“Oh,” the Northamptonshire policeman said on seeing John, “It’s you.”

“Have we met?” John asked him.

“No,” said the Northamptonshire policeman.

When the other car had gone, the Northamptonshire policeman told John: “They’re mad down south. It’s a waste of time. They should be out catching criminals. I’m going back to the station.”

And off he went.

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Filed under Czech Republic, Eccentrics, Holland, Police, Yugoslavia

Frankly, I prefer North Korea to Paris

Afternoon tea with Elf includes interesting conversation

I suspect Elf Lyons can pronounce French better than I can

Yesterday afternoon, I bumped into comedian/actress Elf Lyons at the Soho Theatre Bar. She had only recently returned from Australia and, next week, is off to Paris. I had just been to Shepherd’s Bush. I think I may have annoyed God at some point.

I have been to North Korea twice (in 1986 and 2012) but have only been to Paris once (in 2000). I think this was a good decision, if you can call it a decision.

I was fascinated by North Korea; I can’t say that Paris held the same attraction when I went there, although Montmartre was nice.

I was in Paris on 21st March – exactly 15 years ago.

I was staying with two French sisters.

One of the local schools was called Lycée Lino Ventura, after the Italian actor. This seemed slightly odd to me.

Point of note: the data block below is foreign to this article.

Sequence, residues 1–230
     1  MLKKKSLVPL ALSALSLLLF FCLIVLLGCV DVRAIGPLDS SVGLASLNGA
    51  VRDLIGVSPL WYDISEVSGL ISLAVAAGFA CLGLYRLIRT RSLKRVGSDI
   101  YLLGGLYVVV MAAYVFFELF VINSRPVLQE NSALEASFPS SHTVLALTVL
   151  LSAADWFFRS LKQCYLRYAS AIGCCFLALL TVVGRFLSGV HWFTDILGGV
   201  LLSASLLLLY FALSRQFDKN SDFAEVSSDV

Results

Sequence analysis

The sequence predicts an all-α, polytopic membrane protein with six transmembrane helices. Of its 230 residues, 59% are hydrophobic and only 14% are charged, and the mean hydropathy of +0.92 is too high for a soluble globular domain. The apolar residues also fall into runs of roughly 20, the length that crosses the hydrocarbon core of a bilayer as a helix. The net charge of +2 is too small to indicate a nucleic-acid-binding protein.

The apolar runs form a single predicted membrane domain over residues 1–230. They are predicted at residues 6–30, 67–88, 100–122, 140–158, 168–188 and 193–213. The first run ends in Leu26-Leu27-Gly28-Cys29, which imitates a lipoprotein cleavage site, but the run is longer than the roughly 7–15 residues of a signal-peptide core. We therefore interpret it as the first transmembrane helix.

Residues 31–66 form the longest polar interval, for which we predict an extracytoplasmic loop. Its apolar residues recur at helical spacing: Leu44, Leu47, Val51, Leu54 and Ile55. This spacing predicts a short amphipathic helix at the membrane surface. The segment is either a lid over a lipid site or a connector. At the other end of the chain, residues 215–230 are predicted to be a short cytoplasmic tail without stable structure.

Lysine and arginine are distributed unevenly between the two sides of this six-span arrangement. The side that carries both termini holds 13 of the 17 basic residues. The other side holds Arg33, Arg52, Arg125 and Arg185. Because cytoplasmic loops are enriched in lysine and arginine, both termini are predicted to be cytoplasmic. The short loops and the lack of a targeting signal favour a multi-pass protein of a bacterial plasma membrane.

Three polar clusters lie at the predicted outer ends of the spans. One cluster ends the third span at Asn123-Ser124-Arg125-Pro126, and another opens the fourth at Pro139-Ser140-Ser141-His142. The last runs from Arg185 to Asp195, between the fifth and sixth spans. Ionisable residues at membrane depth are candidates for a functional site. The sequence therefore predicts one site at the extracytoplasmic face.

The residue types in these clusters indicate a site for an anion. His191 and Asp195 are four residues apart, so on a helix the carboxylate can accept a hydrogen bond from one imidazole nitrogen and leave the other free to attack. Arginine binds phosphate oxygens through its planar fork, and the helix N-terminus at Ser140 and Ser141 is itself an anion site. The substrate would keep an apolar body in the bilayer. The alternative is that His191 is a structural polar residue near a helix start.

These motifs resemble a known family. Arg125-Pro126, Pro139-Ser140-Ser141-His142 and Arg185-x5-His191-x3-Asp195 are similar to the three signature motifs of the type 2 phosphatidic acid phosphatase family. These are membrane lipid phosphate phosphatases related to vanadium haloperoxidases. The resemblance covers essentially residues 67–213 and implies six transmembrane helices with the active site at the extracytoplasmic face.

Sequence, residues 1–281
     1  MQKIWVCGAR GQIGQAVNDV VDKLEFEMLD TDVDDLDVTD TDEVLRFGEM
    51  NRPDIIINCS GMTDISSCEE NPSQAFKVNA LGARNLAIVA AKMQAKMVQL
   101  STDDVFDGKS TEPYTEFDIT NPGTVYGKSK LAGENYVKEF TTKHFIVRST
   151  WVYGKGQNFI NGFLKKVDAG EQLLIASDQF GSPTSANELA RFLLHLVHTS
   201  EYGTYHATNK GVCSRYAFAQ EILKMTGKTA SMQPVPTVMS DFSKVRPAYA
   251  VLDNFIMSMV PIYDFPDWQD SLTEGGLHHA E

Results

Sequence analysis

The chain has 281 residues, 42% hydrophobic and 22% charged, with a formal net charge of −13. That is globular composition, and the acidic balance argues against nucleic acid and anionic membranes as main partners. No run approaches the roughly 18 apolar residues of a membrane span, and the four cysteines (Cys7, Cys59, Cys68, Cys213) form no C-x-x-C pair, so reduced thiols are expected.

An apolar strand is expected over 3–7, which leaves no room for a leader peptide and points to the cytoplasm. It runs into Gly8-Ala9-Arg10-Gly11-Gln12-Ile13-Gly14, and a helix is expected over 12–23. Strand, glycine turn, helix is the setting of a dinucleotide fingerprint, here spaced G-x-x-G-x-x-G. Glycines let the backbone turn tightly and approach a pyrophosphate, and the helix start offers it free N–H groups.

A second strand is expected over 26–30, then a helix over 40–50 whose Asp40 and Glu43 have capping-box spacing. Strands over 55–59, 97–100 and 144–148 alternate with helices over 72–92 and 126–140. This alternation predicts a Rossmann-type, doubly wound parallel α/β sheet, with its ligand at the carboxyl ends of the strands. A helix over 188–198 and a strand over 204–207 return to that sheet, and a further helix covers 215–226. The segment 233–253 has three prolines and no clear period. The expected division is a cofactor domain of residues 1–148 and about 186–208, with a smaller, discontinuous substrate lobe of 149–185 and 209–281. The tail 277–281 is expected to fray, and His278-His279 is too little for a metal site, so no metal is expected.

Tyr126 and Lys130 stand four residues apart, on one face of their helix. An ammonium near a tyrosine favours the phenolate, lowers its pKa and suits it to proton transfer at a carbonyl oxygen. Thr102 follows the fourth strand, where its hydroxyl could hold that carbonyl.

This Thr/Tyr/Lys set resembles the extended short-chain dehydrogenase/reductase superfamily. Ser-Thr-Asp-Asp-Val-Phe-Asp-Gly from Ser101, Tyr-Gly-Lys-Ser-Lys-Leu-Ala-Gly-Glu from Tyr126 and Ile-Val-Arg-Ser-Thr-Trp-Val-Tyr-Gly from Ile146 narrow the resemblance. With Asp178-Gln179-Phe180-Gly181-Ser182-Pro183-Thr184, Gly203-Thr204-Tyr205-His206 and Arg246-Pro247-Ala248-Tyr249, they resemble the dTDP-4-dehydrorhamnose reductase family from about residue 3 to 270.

I said to one of the sisters:

“Maybe in Britain, we should name a school after Michael Caine.”

She mis-heard Michael Caine as my cocaine.

Confusion ensued.

I managed to break my denture when I was there (don’t ask). Later, after having my denture repaired, I tried to thank the dental technician by saying: “Merci beaucoup,” but, because of the remnants of my Scots accent which makes me pronounce -oo- sounds idiosyncratically, it apparently sounded like I was saying to her Merci. Beau cul which means “Thankyou. Nice ass.”

It’s only flipping’ Noel Gallagher, ain’t it?

It’s only flippin’ Noel Gallagher, ain’t it?

I am not one of life’s great linguists.

In the evening, we went to see the English band Oasis perform in concert at Le Bataclan Club. The rowdy audience had been indulging in English football chants, a large flag of St George was being waved and there were groups of very obvious Brits. At one point, Noel Gallagher said: “Is there anybody out there who isn’t from flippin’ England?”

That is my main memory of Paris.

That I heard Noel Gallagher unexpectedly use the word “flippin”.

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Things that did not happen – the solar eclipse and John Otway, rock superstar

This morning’s Daily Telegraph touted the solar eclipse

Today’s Daily Telegraph touted the eclipse as very Big News indeed

On 11th August 1999, I was working at HTV, on the outskirts of Cardiff.

At 11.11am, there was a 97-98% eclipse of the sun over Cardiff. Videotape editor Richard got hold of a dentist’s mirror (they are also used by electronic engineers) and stuck it in the ground, reflecting the sun onto a piece of white card. We also saw the eclipse with the naked eye as it passed behind light clouds on the edge of a large dark grey cloud.

I had not expected to be impressed, but seeing the partial eclipse in the sky with my naked eyes was strange, especially with the air slightly and strangely chilly for no reason – there was no breeze, just a chill and, in the far distance, the sound of a car alarm which sounded like the theme music to The Twilight Zone.

On the ground and in the air, there was an eerie light, neither normal daylight nor dusk, as if the light was in the air itself, not coming from any specific direction. Richard said that during a full eclipse there was total darkness in the sky above, with the stars visible, but on the horizon there is a lighter colour – as if there were a 360˚ sunrise.

The streets of Borehamwood were not impressed at 09.31am today